Poetics and Poetry Discussion

Post a message
  • Freshman - 1,393 Points Mike Acker (10/5/2014 2:15:00 AM) Post reply | Read 1 reply
    0 person liked.
    0 person did not like.

    Cocktails as reply...

    Replies for this message:
    • Freshman - 1,393 Points Mike Acker (10/5/2014 2:16:00 AM) Post reply

      Cocktails They are shot up with hormonic cocktails till their balls drop, then they are sent off to build a man's world that only real women will seek, truly. Muscular mounds, distinguishin ... more

  • Gold Star - 14,762 Points Gangadharan Nair Pulingat (10/5/2014 12:31:00 AM) Post reply

    A beautiful poem with such different comments and expressions that I read is Sara Teasdale's The old maid......which is in the poemhunter com home page today. Not only the poem that attracted me but the different comments in variety of views it happened in evaluations and definitions. I think the poem is fit for wider discussion and entertain more definitions of comments as an approval of the poem by readers.

  • Gold Star - 10,324 Points Soulful Heart (10/4/2014 1:10:00 PM) Post reply

    The oldest surviving epic poem is the Epic of Gilgamesh, from the 3rd millennium BC in Sumer(in Mesopotamia, now Iraq) , which was written in cuneiform scripton clay tablets and, later, papyrus

  • Gold Star - 14,762 Points Gangadharan Nair Pulingat (10/4/2014 4:39:00 AM) Post reply | Read 1 reply

    I read the poem river written by Jonne Monte and poem dealt with the contamination of river by chemicals a serious problem of water bodies and it is felt as very beautiful.

    Replies for this message:
  • Gold Star - 10,324 Points Soulful Heart (10/3/2014 10:15:00 PM) Post reply | Read 1 reply

    The earliestpoetryis believed to have been recited or sung, employed as a way of rememberingoral history, genealogy, andlaw. Poetry is often closelyrelated to musical traditions, and the earliest poetry exists in the form of hymns (such as the work ofSumerianpriestessEnheduanna) . Many of the poems surviving from the ancient world are recorded prayers, or stories about religioussubject matter, but they also include historical accounts, instructions for everyday activities, love songs, [2]and fiction.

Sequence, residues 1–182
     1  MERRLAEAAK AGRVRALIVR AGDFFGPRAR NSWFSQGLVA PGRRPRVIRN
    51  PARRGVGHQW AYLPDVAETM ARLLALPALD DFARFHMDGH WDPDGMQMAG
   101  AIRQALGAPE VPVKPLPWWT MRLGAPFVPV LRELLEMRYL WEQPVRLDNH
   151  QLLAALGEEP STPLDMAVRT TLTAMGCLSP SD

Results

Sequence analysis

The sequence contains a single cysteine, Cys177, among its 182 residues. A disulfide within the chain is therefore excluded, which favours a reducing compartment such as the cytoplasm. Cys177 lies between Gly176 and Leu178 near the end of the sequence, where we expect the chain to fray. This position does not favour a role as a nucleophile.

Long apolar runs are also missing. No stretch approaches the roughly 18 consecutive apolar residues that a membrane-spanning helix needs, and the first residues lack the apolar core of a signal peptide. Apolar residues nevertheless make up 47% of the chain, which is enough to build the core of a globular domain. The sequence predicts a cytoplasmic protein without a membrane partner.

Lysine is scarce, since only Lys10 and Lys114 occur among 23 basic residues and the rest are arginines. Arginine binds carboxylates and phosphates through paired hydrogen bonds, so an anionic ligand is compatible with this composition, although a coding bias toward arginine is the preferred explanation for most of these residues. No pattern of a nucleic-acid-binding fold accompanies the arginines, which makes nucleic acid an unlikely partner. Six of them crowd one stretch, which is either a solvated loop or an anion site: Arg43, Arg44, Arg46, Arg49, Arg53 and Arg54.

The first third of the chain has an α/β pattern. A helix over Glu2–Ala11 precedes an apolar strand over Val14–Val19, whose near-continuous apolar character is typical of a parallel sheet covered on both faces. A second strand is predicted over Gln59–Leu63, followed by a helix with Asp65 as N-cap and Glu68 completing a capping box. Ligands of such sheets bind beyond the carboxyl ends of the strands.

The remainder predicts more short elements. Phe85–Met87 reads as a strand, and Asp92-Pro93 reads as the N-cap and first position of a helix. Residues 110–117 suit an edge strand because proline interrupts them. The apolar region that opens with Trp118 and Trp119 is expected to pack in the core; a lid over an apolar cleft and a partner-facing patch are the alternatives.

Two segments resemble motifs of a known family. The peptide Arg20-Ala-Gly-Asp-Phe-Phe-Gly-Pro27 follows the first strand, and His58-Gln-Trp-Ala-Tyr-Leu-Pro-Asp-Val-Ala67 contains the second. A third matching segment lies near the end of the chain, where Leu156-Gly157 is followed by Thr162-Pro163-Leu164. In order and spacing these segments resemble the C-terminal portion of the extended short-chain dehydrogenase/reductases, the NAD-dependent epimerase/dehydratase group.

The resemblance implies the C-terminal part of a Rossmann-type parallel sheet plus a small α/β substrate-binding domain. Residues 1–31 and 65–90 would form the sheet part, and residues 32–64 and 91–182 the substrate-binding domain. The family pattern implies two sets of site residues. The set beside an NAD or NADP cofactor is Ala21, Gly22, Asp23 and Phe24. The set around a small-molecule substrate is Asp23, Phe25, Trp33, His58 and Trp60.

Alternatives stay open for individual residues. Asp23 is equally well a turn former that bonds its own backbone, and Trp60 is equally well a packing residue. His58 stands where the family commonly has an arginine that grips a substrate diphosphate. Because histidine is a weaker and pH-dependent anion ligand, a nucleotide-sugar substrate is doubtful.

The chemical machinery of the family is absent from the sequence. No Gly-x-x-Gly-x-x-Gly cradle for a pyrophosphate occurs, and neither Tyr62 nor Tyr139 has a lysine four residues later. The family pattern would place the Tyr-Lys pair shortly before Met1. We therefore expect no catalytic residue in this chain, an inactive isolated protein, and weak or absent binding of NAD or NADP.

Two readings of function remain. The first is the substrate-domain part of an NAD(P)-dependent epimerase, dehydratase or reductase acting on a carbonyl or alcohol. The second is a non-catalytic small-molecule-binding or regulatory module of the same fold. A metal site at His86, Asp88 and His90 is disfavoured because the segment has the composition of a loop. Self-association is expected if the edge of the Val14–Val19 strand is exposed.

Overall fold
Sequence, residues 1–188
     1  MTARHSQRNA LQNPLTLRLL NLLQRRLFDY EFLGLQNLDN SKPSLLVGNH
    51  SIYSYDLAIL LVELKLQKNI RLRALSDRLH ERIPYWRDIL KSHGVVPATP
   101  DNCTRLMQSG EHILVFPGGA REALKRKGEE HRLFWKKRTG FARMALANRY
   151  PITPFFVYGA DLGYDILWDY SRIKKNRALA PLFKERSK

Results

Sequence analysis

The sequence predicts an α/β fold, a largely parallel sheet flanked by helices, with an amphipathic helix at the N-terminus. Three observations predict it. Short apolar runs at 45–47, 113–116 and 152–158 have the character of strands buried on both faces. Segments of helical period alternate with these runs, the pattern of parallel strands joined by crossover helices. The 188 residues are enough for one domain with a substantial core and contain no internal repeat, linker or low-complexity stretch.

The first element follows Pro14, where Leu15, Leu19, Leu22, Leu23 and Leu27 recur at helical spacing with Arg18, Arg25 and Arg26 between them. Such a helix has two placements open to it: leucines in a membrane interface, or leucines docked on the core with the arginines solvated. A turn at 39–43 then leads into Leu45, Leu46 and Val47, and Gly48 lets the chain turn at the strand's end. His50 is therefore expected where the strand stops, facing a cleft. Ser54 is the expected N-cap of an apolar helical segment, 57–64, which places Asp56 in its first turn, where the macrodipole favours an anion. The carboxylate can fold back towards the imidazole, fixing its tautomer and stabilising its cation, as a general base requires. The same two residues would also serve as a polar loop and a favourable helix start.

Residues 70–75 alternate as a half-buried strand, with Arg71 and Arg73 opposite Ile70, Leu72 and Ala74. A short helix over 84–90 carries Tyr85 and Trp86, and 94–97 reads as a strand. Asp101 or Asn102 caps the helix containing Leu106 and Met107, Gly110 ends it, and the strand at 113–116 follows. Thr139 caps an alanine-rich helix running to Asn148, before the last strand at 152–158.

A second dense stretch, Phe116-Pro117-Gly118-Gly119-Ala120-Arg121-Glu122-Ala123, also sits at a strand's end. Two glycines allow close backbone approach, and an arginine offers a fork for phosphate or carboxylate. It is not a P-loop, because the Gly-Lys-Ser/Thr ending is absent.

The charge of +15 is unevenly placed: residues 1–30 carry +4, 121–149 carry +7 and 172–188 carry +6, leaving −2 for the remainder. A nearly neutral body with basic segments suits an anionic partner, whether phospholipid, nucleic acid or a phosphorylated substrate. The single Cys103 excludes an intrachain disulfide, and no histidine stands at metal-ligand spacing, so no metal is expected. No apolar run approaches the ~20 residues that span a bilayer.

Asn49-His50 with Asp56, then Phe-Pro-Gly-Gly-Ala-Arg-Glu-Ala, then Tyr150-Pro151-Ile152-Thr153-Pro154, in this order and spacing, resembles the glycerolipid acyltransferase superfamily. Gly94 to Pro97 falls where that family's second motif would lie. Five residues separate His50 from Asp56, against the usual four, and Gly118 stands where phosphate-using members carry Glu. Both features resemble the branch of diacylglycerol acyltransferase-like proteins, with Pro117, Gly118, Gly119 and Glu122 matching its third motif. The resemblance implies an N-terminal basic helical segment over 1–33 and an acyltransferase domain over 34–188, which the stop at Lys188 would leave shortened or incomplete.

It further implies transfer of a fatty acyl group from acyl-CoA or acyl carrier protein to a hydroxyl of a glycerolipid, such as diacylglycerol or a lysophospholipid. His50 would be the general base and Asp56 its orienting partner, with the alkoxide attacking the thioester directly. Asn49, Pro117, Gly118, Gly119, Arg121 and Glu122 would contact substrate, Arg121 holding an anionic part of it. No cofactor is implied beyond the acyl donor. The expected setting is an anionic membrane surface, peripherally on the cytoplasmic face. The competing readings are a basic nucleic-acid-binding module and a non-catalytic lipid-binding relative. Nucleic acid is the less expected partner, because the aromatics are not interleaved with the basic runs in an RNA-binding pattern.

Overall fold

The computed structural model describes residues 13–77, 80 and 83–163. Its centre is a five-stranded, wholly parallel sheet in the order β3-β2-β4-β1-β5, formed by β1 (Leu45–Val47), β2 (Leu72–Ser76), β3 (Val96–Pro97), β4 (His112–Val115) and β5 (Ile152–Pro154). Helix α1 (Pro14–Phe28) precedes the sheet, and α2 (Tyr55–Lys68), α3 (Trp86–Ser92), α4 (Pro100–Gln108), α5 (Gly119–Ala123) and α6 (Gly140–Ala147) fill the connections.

the oral epics of the Balkans, suggest that earlywriting shows clear traces of older oral traditions, including the use of repeated phrases as building blocks in larger poetic units. A rhythmic and repetitious form would make a long story easier to remember and retell, before writing was available as an aide-memoire.[3]Thus many ancient works, from theVedas(1700 - 1200 BC) to theOdyssey(800 - 675 BC) , appear to have been composed in poetic form to aid memorization and oral transmission, in prehistoric and ancient societies.[4]Poetry appears among the earliest records of most literate cultures, with poetic fragments found on earlymonoliths, runestonesandstelae.The oldest survivingspeculative fictionpoem is theTale of the Shipwrecked Sailor, [5]written inHieraticand ascribed a datearound 2500 B.C.E. Other sources ascribe the earliest written poetry to theEpic of Gilgameshwritten incuneiform; however, it is most likely thatThe Tale of the Shipwrecked SailorpredatesGilgameshby half a millennium. The oldestepic poetrybesides theEpic of Gilgameshare theGreekepicsIliadandOdysseyand theIndianSanskritepicsRamayanaandMahabharata. The longest epic poems ever written were theMahabharataand theTibetanEpic of King Gesar.

    Replies for this message:
  • Rookie - 186 Points metamorphhh (aka jim crawford) (10/3/2014 4:37:00 PM) Post reply | Read 3 replies